When Tyrannosaurs Were Tiny

A new study describes an early T. rex relative that stood about three feet tall and weighed no more than 90 pounds

An artist's rendering of how Suskityrannus hazelae may have looked. Andrey Atuchin

In 1998, when Virginia Tech assistant professor Sterling Nesbitt was 16 years old, he travelled to the Zuni Basin of New Mexico to take part in a dig led by paleontologist Doug Wolfe. As luck would have it, Nesbitt hit upon the fossil of a small dinosaur—though experts weren’t able to identify the species that had left the remains behind. But now, in light of additional discoveries that have been made over the years, Nesbitt and his colleagues have been able to identify the 92-million-year-old fossil as an early and rather tiny Tyrannosaurus rex relative.

Writing in the journal Nature Ecology & Evolution, the researchers note that the “multi-tonne, bone-crunching” T. rex that has become a thundering icon of popular culture thrived in the Late Cretaceous, between 66 million and 80 million years ago. Discoveries of distant T. rex relatives have recently revealed that the tyrannosaur family long consisted of small carnivores—like Dilong paradoxus, which was first found in China in 2004. But in the 1990s, when Nesbitt unearthed his fossil, the T. rex’s less imposing origins were not widely known or recognized.

Even today, the evolutionary history of the T. rex is not well understood, largely because extreme sea level rises during the Late Cretaceous destroyed fossils that had formed during the previous era, as Discover’s Eric Betz explains. The newly described fossil is filling in some of those gaps.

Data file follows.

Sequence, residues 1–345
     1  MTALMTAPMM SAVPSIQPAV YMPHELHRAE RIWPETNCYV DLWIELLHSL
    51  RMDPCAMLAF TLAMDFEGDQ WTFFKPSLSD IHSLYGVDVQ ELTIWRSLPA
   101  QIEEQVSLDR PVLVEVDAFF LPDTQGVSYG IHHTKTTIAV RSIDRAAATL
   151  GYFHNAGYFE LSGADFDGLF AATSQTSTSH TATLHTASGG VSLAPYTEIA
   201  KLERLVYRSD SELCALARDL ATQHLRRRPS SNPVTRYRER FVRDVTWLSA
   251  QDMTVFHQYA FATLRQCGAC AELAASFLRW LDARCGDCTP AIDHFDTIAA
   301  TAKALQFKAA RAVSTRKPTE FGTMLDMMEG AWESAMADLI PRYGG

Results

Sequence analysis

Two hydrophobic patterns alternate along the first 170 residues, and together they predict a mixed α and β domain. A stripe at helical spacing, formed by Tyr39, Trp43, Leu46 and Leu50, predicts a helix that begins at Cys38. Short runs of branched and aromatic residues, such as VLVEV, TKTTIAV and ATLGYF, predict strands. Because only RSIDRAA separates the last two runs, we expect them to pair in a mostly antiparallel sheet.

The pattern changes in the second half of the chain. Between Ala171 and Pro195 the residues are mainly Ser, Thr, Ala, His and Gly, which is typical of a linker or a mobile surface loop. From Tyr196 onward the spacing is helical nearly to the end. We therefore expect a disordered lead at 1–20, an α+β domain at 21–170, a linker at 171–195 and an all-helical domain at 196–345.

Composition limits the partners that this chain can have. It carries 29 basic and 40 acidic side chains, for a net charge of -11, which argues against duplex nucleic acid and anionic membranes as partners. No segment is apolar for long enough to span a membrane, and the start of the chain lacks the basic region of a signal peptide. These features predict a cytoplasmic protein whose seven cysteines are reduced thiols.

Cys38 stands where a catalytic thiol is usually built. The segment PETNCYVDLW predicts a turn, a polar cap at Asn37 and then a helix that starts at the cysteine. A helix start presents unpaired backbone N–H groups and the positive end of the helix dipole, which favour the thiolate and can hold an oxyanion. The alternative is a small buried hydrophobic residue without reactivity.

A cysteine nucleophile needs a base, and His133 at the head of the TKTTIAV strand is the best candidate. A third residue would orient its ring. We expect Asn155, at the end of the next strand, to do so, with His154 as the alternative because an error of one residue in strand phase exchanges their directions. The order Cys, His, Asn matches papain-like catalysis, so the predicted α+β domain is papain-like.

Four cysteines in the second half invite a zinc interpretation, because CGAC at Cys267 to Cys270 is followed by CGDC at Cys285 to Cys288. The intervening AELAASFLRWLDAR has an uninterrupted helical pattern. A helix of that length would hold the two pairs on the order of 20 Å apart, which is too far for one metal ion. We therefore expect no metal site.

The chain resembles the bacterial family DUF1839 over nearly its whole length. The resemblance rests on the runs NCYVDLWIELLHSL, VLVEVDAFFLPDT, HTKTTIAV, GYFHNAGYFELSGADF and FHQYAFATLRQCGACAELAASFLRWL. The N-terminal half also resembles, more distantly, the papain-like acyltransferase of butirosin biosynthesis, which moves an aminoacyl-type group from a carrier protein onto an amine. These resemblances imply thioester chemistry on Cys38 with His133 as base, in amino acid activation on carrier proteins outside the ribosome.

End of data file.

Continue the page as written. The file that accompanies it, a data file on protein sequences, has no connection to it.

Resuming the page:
Researchers’ description of the dinosaur is based on two juvenile specimens: the one uncovered by Nesbitt in 1998, and a partial skull found in 1997. Dubbed Suskityrannus hazelae—in part after “Suski,” the Zuni Native American tribe word for “coyote”—the dinosaur stood around three-feet tall at the hip and spanned around nine feet in length. Suskityrannus probably weighed between 45 and 95 pounds. It was not as small as the oldest tyrannosaurs, but it was considerably smaller than the T. rex, which could reach a weight of nine tons and boasted a skull that was about the same length as Suskityrannus’ entire body.

The new dinosaur seems to represent an intermediate phase in tyrannosaur evolution, according to the study authors. Suskityrannus has some features seen in its later relatives—like an “arctometatarsalian foot,” which means that “the three long bones that make up the sole of the foot are pinched together, with the middle bone being particularly skinny,” Brown University PhD candidate Armita Manafzadeh, who was not involved in the new research, tells Gizmodo’s George Dvorsky. The arctometatarsalian foot has been linked to improved running ability, and Suskityrannus is the earliest known tyrannosaur to possess it.

Speaking to Dvorsky, Nesbitt notes that Suskityrannus is not a direct ancestor of the T. rex; it represents more of a “side-branch.” Still, he says, the dinosaur “gives us a glimpse into the evolution of tyrannosaurs just before they take over the planet.”

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